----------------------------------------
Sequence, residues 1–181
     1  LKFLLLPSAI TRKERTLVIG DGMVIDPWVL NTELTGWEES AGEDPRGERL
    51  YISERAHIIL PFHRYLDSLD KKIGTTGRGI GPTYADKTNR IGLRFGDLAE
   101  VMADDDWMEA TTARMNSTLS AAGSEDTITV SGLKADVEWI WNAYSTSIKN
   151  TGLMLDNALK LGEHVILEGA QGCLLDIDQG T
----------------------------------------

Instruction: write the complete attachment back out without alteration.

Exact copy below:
Sequence, residues 1–181
     1  LKFLLLPSAI TRKERTLVIG DGMVIDPWVL NTELTGWEES AGEDPRGERL
    51  YISERAHIIL PFHRYLDSLD KKIGTTGRGI GPTYADKTNR IGLRFGDLAE
   101  VMADDDWMEA TTARMNSTLS AAGSEDTITV SGLKADVEWI WNAYSTSIKN
   151  TGLMLDNALK LGEHVILEGA QGCLLDIDQG T